As a response to a 2011 fatal sailing accident in Annapolis, Maryland, members of US Sailing recently conducted three days of intensive on-water tests of dinghy safety methods and equipment. Sailor entrapment and the causes were also addressed. The tests were carried out in New York and California, but the resultant conclusions are of interest wherever you sail.
Capsized dinghy - what are the issues?
The tests were organized by Chuck Hawley (Santa Cruz, Calif.), Chair of US Sailing’s Safety-at-Sea Committee, and Timmy Larr (Oyster Bay, N.Y.), member of US Sailing's Training Committee National Faculty. They were assisted by John Rousmaniere (New York, N.Y.), author of the U.S. Sailing report on the Annapolis accident and Safety-at-Sea Seminar moderator. Hawley, Larr, Rousmaniere and the 25 other volunteers participated as individuals, not in their official capacities.
An illustrated report of these tests, written by John Rousmaniere, is available here. The report describes and evaluates each of the methods and equipment that were tested, and offers recommendations for policies, rules, and further testing.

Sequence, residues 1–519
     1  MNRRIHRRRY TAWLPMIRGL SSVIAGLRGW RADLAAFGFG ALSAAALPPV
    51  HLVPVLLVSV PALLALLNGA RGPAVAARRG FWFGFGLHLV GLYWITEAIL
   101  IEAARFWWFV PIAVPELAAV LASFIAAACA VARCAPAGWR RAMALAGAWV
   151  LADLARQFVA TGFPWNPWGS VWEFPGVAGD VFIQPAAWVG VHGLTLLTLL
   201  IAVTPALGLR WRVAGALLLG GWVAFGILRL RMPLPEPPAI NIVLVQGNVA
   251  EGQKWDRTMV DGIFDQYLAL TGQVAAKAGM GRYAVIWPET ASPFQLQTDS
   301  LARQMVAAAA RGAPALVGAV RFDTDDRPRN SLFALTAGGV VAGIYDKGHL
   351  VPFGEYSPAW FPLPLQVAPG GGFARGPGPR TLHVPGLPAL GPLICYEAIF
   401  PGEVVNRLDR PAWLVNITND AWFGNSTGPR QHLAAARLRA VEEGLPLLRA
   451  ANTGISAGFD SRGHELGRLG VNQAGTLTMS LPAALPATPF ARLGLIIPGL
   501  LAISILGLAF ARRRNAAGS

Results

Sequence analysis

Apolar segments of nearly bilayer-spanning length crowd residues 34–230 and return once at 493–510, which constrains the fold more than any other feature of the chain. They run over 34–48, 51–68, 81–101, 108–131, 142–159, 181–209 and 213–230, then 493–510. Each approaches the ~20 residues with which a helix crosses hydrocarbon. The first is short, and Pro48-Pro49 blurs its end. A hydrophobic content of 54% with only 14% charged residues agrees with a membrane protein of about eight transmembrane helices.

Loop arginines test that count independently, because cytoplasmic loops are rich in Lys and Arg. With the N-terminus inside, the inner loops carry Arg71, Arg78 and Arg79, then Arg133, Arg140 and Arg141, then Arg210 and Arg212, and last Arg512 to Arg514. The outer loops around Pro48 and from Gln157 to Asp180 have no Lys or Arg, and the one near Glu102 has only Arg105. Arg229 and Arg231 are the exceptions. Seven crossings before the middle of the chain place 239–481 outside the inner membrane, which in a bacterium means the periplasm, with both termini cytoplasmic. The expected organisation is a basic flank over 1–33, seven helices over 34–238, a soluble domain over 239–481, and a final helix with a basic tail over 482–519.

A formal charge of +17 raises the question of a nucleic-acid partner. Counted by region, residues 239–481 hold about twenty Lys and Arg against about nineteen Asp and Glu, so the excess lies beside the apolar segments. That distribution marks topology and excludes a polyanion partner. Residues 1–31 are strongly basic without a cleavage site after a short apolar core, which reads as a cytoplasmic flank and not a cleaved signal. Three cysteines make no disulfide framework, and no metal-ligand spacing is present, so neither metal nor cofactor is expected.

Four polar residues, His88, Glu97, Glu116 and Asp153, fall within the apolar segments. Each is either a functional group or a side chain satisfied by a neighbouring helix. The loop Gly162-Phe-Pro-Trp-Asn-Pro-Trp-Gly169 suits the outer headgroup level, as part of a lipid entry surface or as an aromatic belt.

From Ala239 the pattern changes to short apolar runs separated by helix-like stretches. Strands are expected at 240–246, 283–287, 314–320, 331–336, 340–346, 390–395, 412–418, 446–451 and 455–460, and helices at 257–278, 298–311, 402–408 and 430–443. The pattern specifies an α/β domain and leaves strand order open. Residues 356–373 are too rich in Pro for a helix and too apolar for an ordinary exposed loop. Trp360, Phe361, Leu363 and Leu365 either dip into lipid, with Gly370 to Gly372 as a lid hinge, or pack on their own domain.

Among the questions answered in the tests were:
- What is the best way to rescue entrapped sailors?
- What is the minimum weight for bringing a 420 back from a turtle?
- How helpful is it to add buoyancy to the top of the mast?
- Which boat-righting methods work with different types of powerboats?
- How do we handle disabled or helpless sailors?
The tests and the report were welcomed by Gary Jobson (Annapolis, Md.), President of US Sailing, who said, 'The volunteers who undertook these rigorous tests deserve our thanks. Anything we can learn that advances our understanding of the causes and solutions of sailing accidents is important.'
Richard Jepsen (Berkeley, Calif.), Chair of US Sailing’s Training Committee said, 'This is a very professional report. These trials came up with compelling, repeatable findings, while also presenting questions that the Training Committee will address in its own trials, whose results we will report.'
Jepsen added that the tests, the report, and plans for future action will be discussed at the Training Committee meetings at the US Sailing’s Annual Meeting in San Francisco on November 1-3, 2012, but all who are involved in sailing dinghies, whether as a sailor or an organizer could do well to take benefit from these very controlled trials.
Click here for US Sailing’s Dinghy Capsize Report.